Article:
A recent article in Business Insider indicates the time between replacements of mobile phones is starting to lengthen. Horror of horrors the upgrade cycle has reached 22 months. That is potentially very adverse for the manufacturers.
There are reasons for the time becoming longer of course.
The principal one is that the new phones, while different, are not a lot different from the recent old ones. It is possible now that the price to upgrade will not produce new satisfaction equal to its cost. That is the way cars went too.
Once upon a time, people with enough money traded cars every two or three years. In the early going they found it worthwhile. Today the time to hold a purchased new car is much longer because the differences in value to the customer are not significant enough to justify the price difference. The car companies made leasing a priority as the result of this.
Did leasing make them a lot of extra money. Seems not. They may have earned margin at the manufacturing level but gave it back with price incentives and financing costs that they absorbed. You don’t really believe money is and should be free when it finances consumer goods.
The end game is unknown with leasing, but it is safe to say that it is easier to start it than it is to stop.
In the past decade this question has become easier to answer. “Is a mobile phone a phone with computer capabilities or is it a computer that can phone?” It was difficult until about 2008, now it is simple. The phone part is nearly irrelevant.
Mobile phones have enjoyed a similar technology change to post war cars and it too seems to be coming to a close. When mobile phones were phones the change to providing email too was profound. Text was a marvel. Then came data. And Apps! A huge win for everyone.
There is the idea of diminishing marginal utility. Marginal utility is the extra you get with innovation or technology or anything really. When total utility is small, like the modern mobile telephones or cars of 1950, it is easy to get big increased utility with each new innovation. Someone could double their value by acquiring a new model.
Today however, in both cars and phones, the utility already present is huge and the changes add only tiny percentage of value increments.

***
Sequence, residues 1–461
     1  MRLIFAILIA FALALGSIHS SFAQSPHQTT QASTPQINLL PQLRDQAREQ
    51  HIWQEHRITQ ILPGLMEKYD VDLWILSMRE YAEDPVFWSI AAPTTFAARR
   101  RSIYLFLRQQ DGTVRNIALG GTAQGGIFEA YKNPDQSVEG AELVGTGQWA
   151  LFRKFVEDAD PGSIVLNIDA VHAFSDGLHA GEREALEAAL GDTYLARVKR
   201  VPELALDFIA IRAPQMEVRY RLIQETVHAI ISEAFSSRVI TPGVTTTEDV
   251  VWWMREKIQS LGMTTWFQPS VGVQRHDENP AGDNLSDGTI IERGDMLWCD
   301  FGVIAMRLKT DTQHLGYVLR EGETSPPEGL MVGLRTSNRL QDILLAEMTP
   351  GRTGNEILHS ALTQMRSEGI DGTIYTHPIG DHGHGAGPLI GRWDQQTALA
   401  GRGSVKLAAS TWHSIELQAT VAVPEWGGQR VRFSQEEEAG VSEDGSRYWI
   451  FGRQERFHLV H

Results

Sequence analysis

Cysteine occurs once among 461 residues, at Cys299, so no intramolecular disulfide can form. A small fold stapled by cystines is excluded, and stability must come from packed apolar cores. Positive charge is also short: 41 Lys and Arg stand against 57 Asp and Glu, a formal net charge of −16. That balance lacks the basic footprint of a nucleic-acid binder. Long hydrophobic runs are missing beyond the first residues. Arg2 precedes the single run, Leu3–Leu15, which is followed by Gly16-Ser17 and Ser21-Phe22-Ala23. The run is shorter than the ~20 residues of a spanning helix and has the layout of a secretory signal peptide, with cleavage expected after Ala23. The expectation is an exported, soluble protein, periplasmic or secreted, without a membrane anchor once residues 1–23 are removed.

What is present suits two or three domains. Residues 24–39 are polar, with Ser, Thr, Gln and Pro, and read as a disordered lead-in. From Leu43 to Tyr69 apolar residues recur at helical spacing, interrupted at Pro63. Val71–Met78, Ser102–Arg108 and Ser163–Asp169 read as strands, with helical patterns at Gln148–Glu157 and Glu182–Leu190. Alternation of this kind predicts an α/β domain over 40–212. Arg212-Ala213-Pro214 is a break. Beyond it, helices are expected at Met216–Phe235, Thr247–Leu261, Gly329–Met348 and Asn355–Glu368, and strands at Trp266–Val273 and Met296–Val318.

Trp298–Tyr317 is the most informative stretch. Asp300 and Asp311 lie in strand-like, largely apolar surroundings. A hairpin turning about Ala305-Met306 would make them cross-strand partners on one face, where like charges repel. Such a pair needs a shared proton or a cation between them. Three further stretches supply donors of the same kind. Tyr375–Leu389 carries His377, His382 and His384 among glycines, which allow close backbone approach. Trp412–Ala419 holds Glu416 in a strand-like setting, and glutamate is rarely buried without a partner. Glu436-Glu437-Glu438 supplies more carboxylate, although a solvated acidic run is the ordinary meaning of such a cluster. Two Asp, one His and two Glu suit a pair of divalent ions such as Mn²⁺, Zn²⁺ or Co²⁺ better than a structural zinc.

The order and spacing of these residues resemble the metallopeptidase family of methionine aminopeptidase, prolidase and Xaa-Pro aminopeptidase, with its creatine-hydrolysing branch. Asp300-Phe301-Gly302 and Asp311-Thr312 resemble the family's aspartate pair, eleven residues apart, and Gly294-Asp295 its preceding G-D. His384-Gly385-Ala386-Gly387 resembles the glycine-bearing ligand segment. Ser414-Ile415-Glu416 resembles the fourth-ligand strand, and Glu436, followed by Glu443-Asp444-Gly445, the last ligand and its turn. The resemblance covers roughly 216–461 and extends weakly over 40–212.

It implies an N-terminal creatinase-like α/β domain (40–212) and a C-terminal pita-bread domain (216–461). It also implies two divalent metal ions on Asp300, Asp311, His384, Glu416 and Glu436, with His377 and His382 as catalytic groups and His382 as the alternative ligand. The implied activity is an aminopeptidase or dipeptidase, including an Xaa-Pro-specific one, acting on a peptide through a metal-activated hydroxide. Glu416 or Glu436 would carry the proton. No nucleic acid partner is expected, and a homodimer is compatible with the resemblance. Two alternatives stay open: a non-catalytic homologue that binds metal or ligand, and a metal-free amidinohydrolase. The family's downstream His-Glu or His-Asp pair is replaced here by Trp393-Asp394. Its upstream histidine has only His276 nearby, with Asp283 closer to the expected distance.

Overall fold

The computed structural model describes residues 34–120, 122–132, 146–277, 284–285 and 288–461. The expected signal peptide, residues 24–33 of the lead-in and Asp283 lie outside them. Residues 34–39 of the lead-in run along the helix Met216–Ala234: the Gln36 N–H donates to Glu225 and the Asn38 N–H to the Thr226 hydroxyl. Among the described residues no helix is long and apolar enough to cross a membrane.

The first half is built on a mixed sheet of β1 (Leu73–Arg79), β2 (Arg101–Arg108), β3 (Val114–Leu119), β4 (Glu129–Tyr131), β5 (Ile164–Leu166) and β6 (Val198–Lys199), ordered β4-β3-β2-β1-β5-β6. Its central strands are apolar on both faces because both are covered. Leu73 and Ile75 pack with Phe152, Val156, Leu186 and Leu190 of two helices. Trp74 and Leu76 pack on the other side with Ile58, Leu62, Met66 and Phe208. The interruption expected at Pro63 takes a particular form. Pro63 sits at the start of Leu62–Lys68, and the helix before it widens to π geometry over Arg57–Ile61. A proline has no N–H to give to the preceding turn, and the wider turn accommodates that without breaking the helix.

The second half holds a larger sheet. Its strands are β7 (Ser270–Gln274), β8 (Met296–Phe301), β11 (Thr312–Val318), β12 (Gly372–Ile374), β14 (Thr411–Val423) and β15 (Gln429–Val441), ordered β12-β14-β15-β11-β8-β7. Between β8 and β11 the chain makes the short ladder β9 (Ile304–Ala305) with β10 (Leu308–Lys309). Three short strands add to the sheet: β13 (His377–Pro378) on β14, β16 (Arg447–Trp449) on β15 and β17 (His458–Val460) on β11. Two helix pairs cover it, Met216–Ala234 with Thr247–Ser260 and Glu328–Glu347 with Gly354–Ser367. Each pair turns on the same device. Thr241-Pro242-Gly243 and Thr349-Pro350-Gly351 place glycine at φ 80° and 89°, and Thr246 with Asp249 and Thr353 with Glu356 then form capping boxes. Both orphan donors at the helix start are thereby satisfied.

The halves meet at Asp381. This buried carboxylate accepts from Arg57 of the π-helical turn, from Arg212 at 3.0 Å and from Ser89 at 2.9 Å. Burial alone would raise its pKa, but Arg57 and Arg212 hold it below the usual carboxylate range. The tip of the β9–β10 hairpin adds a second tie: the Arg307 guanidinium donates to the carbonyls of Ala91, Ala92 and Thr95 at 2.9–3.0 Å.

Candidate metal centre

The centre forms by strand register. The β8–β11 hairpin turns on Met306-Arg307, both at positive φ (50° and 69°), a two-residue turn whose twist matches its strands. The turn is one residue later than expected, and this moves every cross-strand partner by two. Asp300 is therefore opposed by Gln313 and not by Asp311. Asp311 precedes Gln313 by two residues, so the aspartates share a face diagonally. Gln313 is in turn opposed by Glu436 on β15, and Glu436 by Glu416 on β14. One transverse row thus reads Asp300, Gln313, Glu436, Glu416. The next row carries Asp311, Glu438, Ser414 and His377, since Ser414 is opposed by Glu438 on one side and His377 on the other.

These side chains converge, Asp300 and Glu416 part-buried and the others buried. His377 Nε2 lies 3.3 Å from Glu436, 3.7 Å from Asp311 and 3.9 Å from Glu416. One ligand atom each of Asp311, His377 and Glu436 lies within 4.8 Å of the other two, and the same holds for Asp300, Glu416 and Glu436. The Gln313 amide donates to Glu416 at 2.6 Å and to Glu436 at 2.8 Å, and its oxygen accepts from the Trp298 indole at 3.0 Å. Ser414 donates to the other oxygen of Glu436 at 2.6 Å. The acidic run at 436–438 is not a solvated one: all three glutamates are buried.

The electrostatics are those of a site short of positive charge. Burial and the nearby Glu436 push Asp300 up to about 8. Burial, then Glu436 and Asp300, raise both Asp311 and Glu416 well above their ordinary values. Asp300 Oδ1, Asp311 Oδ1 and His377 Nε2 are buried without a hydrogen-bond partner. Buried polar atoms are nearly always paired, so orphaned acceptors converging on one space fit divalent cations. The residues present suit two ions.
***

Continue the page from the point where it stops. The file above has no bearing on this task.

We have not yet reached maturity in either the mobile phone or car industries, but the incremental changes are not as compelling as they were.
Most of the car companies that have ever existed have gone away. I expect the same will happen with handset makers.
I recall buying a Motorola phone in the late 80’s only to replace it with several Nokia models. Then a Blackberry. Then an iPhone. Now the iPhone is gone. The one I own now is more generic. I bought it for its sound and screen. All phones will surf the net, have many apps, provide email service and communicate with text.
Motorola and Nokia are part of other organizations now. Blackberry will soon follow. I wonder about Apple and maybe about Samsung. Their extra value added is shrinking and when you rely on scale to support yourself, diminishing marginal utility and the resulting lengthening of the replacement cycle cannot be good for you.
In the 80’s Apple made the mistake of proprietary operating systems and seem to be doing it again. Consumers and their suppliers prefer open source. Google and Android provide the threat that MS-DOS provided to Apple in 1983.
It used to be that new product could count on a decade long shelf life. Not so much today. I know that means something but I am not clear on what. Maybe life long careers and buy and hold investing are becoming obsolete ideas.
Don Shaughnessy is a retired partner in an international accounting firm and is presently with The Protectors Group, a large personal insurance, employee benefits and investment agency in Peterborough Ontario.
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